a precaution than an actual necessity. I like playing it
Actually..when I look at the picture below..the antenna seems long (big)..but when you look out the window or at it from the backyard..it doesnt
look as big. The neighbours have never said anything about my antennas.
I don't have a good picture of the torsion bar/leaf spring that runs up inside the
hollow fiberglass tubing (to add extra strength and flexibility) so I will describe it.
The picture below shows the fiberglass flat piece that I bought from a HOME DEPOT
store. I cut them with a dremel tool. I overlapped them to form a type of leaf spring
and I bound them in good quality electrical tape and then run it up inside the hollow
fiberglass insulator assembly.
Right now..I'm looking to buy a length of fiberglass rod (solid fiberglass rod) about 3
ft long and one inch diameter. That would be somewhat better and stronger than
this fiberglass insulator system I cobbled up..but it has been working good for me.
I have a fairly large backyard for this city of
Elliot Lake. I think the yard is 60 ft wide and
120 ft long.
Because of the garden area and sheds, I dont
have room for full size radials for 75 meters
and only room for a few radials on 40.
I did make a type of buried counterpoise of
copper pipe, copper tubing and copper wire
all soldered in a type of spider web.
For more pictures and details of the ground
counterpoise you can see this page in my site
MY VERTICAL GROUND SYSTEM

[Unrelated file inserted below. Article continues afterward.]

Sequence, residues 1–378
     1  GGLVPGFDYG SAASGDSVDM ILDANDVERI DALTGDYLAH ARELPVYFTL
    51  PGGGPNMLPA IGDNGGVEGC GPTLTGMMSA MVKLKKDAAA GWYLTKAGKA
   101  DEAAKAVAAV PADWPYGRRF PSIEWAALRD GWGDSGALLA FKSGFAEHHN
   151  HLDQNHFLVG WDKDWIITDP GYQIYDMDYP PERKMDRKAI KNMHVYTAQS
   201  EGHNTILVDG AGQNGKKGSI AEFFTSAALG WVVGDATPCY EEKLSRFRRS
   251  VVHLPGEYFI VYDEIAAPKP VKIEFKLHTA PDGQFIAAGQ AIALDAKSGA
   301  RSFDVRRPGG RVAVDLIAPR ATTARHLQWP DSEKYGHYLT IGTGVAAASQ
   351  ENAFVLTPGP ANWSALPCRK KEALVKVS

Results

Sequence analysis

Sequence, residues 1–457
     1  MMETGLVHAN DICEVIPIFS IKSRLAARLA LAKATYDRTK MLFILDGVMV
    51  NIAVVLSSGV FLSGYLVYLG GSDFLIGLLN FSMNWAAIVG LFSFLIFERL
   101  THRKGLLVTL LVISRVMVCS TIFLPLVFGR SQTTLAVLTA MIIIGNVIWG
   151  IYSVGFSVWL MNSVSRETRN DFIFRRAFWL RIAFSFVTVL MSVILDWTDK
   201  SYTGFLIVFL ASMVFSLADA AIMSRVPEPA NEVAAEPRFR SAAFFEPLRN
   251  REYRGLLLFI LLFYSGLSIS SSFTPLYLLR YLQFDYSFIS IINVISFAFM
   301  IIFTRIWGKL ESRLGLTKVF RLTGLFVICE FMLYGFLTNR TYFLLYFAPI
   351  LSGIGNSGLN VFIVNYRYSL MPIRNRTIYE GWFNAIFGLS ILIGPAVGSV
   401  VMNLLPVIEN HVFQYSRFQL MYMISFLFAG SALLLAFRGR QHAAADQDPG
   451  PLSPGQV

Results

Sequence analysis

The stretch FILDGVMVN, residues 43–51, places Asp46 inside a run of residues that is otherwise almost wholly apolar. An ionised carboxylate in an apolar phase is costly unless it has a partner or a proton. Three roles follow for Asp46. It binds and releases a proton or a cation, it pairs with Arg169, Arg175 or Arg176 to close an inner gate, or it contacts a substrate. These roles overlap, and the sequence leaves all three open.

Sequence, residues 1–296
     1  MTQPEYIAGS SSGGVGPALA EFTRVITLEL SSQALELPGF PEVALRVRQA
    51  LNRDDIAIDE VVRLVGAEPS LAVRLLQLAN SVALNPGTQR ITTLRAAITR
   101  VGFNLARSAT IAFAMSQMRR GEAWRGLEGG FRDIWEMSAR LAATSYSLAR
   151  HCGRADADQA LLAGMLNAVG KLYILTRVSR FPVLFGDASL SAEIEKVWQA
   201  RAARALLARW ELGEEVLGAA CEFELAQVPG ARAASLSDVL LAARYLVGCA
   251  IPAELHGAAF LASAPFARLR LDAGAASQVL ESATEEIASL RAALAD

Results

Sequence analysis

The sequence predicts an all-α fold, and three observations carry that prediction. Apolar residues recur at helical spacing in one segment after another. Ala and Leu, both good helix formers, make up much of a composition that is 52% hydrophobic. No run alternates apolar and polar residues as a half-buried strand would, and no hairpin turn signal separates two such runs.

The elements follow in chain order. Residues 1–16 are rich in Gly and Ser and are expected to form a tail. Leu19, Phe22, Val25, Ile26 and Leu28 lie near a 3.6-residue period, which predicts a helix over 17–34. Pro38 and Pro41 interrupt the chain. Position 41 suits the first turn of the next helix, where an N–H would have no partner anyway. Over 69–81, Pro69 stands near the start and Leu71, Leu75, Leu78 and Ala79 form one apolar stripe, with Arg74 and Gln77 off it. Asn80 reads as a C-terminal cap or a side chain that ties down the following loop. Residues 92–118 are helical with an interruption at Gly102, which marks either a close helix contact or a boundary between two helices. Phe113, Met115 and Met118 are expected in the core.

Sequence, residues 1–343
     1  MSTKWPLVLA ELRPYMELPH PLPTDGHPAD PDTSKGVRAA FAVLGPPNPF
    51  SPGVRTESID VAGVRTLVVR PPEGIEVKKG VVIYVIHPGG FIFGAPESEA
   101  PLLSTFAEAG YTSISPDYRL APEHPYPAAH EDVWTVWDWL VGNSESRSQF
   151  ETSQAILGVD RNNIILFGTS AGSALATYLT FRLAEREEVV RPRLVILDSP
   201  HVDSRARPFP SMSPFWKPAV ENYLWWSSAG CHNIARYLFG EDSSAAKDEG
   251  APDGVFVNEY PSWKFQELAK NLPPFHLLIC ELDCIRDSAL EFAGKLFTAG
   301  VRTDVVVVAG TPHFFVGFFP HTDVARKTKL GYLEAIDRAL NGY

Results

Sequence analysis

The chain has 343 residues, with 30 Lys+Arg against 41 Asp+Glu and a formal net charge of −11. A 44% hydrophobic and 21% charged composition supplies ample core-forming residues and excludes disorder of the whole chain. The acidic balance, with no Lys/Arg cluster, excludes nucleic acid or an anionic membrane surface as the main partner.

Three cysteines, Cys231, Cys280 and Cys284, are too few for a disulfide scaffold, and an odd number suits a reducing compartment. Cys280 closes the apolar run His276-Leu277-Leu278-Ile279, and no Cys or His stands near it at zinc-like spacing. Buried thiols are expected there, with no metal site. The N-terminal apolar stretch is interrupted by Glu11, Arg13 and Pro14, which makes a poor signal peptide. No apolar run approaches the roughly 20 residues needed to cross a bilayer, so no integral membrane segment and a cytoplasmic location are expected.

Above: two close up pictures of the top fixtures for mating up with the top loading coil. The bracket with the three holes spaced 120 degrees
apart is from a hustler mobile system. It would allow three coils to be mounted on the antenna to allow/produce different resonant points
allowing multiband operation. I did not try this antenna with multiple coils (YET). This may add a bit of a corona ball or hat to the antenna. The
stud that fits into the aluminum tubing is from a mobile antenna. It is some sort of coupler. A compression clamp is also used with this assembly.
One thing I did try at the top of this modified HF2V was an RM80 75/80 meter coil. I thought by adding the 80 meter coil to this 33 ft vertical that
the resonant point would be way down around 3 mhz..but it was resonant at 3.520 mhz! Top loading requires a great deal more inductance to
have a profound lowering of resonant frequency. Just consult the ARRL handbook. There is a loading chart for an 8 ft mobile antenna. The
loading chart shows inductances required for base loading, mid point loading and top loading. You can see the trend from that chart.